A new whitepaper from McAfee takes a look at the emergence of hacktivism and the implications of how digital protest movements may evolve in the future.
The report, titled ‘Hacktivism: Cyberspace has become the new medium for political voices’, was authored by Francois Paget, a senior malware research engineer at McAfee Labs in France. The paper traces hacktivism from the first uses of the word to the people launching politically-motivated distributed denial-of-service (DDoS) attacks under the Anonymous label.
Just last week, Anonymous claimed to have compromised data belonging to ExxonMobil during ‘Op SaveTheArtic’ in response to environmental concerns. While Anonymous has certainly become a popular face for hacktivist activity, the McAfee report also touches on the activities of what Paget calls “cyberoccupiers” who also use Internet as a place for protest. As an example, he cited the actions of Telecomix, which partially restored Internet access in Egypt when former president Hosni Mubarak shut down access for the country’s citizens in January 2011.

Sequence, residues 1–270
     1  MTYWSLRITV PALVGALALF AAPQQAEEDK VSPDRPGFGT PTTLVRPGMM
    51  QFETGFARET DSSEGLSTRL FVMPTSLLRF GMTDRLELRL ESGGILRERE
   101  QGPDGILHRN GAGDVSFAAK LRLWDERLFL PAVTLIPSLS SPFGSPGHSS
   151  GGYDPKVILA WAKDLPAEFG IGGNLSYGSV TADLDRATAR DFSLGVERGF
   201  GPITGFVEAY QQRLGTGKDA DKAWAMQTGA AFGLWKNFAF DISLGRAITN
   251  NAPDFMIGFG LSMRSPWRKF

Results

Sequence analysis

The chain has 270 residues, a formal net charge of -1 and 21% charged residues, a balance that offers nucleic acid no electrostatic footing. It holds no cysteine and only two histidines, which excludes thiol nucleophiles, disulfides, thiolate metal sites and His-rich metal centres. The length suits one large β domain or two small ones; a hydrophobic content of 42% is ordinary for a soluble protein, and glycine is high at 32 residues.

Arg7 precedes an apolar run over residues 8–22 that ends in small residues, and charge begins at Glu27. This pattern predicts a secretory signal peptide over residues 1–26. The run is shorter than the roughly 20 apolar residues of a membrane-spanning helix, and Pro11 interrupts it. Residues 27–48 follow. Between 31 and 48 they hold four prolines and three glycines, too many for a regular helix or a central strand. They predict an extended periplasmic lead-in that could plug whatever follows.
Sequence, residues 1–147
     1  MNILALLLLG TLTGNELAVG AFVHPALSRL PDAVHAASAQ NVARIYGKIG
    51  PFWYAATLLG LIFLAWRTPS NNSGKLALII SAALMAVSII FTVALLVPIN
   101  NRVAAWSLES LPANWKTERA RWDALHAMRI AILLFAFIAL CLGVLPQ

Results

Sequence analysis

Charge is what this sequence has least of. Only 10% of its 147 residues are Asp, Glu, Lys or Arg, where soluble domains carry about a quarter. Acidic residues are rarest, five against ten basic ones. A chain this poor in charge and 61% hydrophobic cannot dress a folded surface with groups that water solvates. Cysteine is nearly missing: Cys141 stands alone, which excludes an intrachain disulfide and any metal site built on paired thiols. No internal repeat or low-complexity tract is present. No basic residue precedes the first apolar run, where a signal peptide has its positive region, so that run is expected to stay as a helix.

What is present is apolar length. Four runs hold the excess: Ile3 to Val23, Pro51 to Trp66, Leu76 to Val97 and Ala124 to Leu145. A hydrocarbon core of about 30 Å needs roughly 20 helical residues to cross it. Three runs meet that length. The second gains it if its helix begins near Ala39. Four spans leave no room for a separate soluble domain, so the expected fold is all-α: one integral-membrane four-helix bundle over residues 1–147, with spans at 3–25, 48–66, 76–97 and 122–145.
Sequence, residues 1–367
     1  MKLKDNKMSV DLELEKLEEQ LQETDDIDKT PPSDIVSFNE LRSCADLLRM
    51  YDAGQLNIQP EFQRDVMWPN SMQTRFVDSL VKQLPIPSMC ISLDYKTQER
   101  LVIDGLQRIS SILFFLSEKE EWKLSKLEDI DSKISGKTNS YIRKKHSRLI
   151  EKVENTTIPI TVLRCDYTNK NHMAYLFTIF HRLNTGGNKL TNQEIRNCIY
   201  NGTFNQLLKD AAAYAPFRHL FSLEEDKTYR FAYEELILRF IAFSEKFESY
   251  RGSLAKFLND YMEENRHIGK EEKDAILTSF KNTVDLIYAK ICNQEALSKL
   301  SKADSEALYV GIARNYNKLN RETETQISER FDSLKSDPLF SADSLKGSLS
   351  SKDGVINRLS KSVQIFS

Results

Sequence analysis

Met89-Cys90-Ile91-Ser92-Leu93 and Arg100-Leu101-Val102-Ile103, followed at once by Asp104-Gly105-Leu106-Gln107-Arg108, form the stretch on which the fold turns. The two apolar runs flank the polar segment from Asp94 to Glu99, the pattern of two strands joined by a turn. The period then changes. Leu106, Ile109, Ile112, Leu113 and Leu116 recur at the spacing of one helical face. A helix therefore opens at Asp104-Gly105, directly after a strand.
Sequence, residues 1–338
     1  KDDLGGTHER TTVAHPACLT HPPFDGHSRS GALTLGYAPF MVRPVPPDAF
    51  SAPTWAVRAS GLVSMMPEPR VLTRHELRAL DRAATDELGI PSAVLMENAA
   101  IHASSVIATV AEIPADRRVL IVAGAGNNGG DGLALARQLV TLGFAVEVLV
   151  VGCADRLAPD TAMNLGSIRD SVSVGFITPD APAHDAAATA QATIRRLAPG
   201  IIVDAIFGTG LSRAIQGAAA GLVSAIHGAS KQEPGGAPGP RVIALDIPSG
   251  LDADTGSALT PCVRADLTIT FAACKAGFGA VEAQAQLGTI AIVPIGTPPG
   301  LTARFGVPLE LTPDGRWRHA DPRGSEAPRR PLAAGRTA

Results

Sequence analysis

“Although Anonymous firmly defends freedom of speech and exchange over the Internet, cyberoccupiers, who are anchored in the real world, view the Internet as a tool to help them in their struggle to achieve a freer society,” he wrote. “In democratic countries, their actions are underreported because they are often located on the edge of legality...It is often confined to an activist use of social networking, which becomes a means for communications and propaganda."
Paget also traces the emergence of cyber-warriors that have risen up in a backlash to such activity.
“Whether they call themselves Russian nationalists, Chinese, Indian, or Pakistani patriots, or defenders of Israel and Palestine, all of these little groups carry out [guerrilla-like] actions online against anyone they consider to be enemies…they set up voluntary botnets or deface and destroy the messages or actions of dissidents and adversaries,” he wrote.
A lack of structure and cohesiveness could hamper hacktivist movements, he added, and could possibly lead to such groups falling victim to an increase in criminalization and government crackdowns.
“However, if the hacktivists of 2012 manage to mature, organize, and even mobilize outside of the web, we could think of Anonymous as a Version 2.0 of nongovernmental organizations, ideologically questionable, perhaps, yet respected within our democracies,” he wrote.
The report can be read here.